The Point by Buyers Meeting Point
A Vision for Procurement Compensation Structures
Note: This post by Kelly Barner originally appeared in the March 2012 PSD Group Procurement & Supply Chain Newsletter.
In this week's eSourcing Wiki-Wednesday excerpt on Seven Facets of Cost Reduction and Avoidance, compensation structures are brought into question as they incent procurement professionals to behave a certain way, 'Like all employees, a supply manager will engage in behaviors rewarded by the company. This will create a problem if cost avoidance or cost reduction efforts beyond hard savings do not count toward a supply manager’s compensation and performance.'
As organizational expectations of procurement increase, many practitioners are questioning the structure of their compensation plans. Traditionally, procurement professionals received a straight salary. If there was a bonus structure in place, the bonus was typically based on corporate performance against stated goals and qualitative individual performance rather than savings targets.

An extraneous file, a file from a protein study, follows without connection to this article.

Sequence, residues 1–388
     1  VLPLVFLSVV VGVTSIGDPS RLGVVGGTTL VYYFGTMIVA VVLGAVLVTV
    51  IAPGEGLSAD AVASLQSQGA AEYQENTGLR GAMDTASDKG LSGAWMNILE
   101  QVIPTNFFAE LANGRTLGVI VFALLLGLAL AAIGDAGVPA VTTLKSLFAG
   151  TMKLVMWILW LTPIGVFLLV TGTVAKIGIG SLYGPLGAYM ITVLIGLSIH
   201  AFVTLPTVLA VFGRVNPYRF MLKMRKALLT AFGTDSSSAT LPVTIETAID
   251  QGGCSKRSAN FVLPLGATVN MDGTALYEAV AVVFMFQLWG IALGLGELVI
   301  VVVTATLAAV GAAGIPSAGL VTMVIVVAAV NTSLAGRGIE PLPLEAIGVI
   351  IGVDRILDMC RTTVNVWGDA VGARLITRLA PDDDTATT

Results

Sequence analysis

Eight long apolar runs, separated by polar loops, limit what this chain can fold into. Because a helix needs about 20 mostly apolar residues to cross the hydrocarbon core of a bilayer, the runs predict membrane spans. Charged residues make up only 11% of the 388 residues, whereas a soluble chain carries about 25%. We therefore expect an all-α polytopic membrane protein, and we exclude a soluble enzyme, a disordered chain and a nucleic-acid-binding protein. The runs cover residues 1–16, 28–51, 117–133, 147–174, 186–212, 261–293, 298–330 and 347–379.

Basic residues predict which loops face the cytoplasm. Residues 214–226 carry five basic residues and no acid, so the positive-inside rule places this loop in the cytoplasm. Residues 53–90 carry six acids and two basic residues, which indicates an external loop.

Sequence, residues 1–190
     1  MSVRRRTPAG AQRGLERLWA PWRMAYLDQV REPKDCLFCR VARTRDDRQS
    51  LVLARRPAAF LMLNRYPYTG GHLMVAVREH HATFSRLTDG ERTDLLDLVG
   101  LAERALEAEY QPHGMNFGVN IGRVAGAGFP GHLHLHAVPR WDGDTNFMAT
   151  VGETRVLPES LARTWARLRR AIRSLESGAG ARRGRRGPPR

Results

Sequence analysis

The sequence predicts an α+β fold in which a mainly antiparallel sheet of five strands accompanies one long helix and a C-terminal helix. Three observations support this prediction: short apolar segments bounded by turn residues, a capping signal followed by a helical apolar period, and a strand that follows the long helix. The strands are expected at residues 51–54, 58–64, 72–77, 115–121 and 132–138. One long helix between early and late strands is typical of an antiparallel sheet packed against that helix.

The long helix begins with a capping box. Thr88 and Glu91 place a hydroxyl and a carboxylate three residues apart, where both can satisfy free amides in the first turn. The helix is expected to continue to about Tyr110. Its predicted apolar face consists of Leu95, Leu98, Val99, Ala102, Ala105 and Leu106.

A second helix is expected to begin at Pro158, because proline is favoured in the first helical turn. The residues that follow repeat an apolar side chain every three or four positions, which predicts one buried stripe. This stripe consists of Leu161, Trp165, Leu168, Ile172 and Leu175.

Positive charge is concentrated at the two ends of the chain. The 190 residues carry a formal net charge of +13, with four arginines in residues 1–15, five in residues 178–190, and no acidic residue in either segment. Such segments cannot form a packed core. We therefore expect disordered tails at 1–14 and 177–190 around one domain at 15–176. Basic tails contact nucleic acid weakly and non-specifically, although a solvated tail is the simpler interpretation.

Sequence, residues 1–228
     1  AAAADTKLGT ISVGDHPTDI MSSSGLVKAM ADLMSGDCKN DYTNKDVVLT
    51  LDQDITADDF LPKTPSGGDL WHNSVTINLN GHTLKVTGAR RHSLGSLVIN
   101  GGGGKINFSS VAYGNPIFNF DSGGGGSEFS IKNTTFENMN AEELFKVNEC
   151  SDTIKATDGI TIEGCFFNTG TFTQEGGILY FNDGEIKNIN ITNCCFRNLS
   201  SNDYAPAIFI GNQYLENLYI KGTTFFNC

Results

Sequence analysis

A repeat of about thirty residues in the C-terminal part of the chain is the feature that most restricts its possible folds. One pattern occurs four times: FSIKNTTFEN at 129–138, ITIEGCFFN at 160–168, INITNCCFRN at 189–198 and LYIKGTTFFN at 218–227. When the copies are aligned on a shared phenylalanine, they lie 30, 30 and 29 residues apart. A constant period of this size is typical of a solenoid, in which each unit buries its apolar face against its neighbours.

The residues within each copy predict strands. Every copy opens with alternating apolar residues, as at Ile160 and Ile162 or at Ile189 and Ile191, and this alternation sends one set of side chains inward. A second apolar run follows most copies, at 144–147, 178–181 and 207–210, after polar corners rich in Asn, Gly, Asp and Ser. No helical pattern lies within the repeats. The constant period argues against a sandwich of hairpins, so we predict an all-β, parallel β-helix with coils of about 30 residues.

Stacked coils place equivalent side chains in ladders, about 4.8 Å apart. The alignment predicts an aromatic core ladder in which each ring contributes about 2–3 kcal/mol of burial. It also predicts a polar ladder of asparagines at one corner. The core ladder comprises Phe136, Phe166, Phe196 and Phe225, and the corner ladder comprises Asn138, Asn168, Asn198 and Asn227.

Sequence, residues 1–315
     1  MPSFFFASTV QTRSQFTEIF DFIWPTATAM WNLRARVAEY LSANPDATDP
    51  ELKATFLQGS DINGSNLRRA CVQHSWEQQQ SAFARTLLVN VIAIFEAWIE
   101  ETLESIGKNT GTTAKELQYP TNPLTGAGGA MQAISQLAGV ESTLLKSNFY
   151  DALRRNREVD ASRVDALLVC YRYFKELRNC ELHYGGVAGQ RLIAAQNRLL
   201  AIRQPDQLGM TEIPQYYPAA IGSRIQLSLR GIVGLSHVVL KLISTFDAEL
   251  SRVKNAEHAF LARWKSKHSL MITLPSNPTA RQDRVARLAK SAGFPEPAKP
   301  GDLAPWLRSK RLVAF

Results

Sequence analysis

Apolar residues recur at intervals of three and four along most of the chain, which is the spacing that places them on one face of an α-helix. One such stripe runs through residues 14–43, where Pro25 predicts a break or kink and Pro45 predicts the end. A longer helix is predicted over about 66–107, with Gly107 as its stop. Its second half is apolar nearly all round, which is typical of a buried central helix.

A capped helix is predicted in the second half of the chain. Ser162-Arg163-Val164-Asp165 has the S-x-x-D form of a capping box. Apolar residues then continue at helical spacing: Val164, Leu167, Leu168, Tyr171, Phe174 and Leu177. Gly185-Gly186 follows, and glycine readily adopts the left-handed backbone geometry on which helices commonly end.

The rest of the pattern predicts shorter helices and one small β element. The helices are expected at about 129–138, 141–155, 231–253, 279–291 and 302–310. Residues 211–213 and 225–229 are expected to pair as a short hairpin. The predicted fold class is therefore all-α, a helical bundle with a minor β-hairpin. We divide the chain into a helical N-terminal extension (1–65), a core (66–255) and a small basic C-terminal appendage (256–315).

More recently, procurement has started questioning this compensation structure, pointing in particular to the salary plus commission structure earned by the supplier reps they sit across the table from in negotiations. Why not incent procurement to save more by giving them a cut of the savings?
There is no question that procurement has the ability to rise above transactional spend management, the kind that is ripe for outsourcing, to create real and lasting value. Many of us also probably deserve a raise for the additional responsibility we have taken on through category management and risk management initiatives. The best approach is going about it the ‘old-fashioned way’: making a case to management that represents our expanded scope of responsibility, newly acquired expertise, and continued education/certification. In that way, the straight salary approach can set us free to pursue value creation, collaboration, and innovation wherever we see them rather than to focus on savings alone as a measure of our performance.